Echo Mtn. Echoes Volume 3..
Number 1

The Great Incline

The Great Incline

By Jake Brouwer

An early postcard of The Great Incline

When most of us think of the Scenic Mt. Lowe Railway the first thing that comes to mind is the Great  Incline. For many of us this is because the Incline is the most depicted feature of the railway in photographs and on souvenirs. For some it is the feature remembered most from first hand experience. Those of you that do remember are among a lucky few today that can relive the experience of the ride up to Echo Mountain.

Some say it was a frightening experience for a timid person. Others marveled at its ingenuity and most were simply awestruck by the beauty that opened up before them as they rose into the sky. The movement of the car was smooth and easy as it rose above the platform at Rubio Station revealing the Rubio amphitheater. The mountains seemed to rise with you at first but at the same time the picture before you increased in size every minute as you rose. When finally you pass the MacPherson trestle, the San Gabriel Valley unfolds its splendor before you and helps to keep your fears at bay of the drop that lies before you and on either side. As you near the top, far down in the valley you can see the serpentine San Gabriel River  winding its way to the ocean, Signal Hill at Long Beach, and the Twin Peaks on Catalina Island.



Hiking Mt. Lowe Trails.

Quest For The Incline
By Lee Zebold

On Sunday, December 8, 1996, Bill Ferguson, my daughter Timarie and I, along with our copy of "Mt. Lowe, the Railway to the Clouds,"by C. Seims, (that we purchased from Jake Brouwer at the Re-Dedication of the Ramada on November 16) lit out for Rubio Canyon which I hadn't seen since my boyhood days as a boy scout back in the 50's.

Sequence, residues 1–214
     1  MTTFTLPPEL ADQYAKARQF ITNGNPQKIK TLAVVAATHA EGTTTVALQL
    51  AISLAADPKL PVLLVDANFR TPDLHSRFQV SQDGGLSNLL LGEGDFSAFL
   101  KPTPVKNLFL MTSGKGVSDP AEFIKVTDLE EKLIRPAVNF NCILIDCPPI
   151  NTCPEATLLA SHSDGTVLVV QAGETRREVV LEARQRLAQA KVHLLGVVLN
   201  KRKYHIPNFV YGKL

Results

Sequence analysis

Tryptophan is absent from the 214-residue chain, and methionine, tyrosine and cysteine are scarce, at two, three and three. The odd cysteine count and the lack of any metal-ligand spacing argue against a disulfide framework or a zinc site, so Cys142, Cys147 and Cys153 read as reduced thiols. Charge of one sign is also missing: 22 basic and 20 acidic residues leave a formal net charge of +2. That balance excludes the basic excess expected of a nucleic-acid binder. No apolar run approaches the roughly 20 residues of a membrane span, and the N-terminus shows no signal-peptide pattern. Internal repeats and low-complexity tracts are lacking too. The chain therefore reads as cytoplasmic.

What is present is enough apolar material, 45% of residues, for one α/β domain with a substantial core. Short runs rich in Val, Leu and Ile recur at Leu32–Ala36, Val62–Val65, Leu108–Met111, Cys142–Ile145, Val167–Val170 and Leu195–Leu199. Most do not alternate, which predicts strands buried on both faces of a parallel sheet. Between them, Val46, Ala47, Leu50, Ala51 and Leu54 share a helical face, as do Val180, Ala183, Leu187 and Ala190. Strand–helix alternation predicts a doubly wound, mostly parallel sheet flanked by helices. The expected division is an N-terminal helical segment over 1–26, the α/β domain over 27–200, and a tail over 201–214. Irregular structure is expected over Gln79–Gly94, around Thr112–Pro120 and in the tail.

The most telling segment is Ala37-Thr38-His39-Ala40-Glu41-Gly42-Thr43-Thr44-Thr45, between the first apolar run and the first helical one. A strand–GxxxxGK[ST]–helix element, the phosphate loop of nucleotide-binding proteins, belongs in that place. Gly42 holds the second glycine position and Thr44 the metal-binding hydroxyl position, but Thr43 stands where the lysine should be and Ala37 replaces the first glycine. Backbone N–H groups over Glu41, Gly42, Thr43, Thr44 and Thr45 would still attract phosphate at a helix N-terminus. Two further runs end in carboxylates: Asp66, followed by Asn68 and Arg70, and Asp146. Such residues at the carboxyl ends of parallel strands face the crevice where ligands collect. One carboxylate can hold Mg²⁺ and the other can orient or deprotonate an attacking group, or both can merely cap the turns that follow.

The Great Incline Drawing

We hiked up the "right of way" right off where Maiden Lane and Rubio Dr. Intersect. I was disappointed when after about 1/4 of a mile our path was blocked off by the development of some new houses under construction. Since we didn't know at the time of the right of way trail that hits Rubio Vista Road, and after some fence jumping, we made our way up the no trespassing road where Camp Huntington used to be. Almost immediately we scrambled down into the creek so as not to be trespassing on anyone's private property.

The whole idea of going up there was to find the old incline and maybe climb it to the top of Echo Mountain. Occasionally we would stop at certain points, and compare them to the pictures we'd find in the book. We saw almost identical views from where we stood when comparing the same shot form a camera taken back in the early 1900's. It really was a thrill.



Henry Ford Visits Mt. Lowe

By Michael Patris

Henry Ford with family and friends at Mt. Lowe

The advent of the twentieth century brought many changes to people around the world and none greater than those right hear in the united states.

Mass transportation was becoming more and more affordable for the common man. Everything from the electric trolley to the automobile was proving to be more than a mere passing fancy. People by the thousands were venturing out of their hometowns and cities to take a look at the wondrous world around them. These people were from all parts of the world and from every socioeconomic background.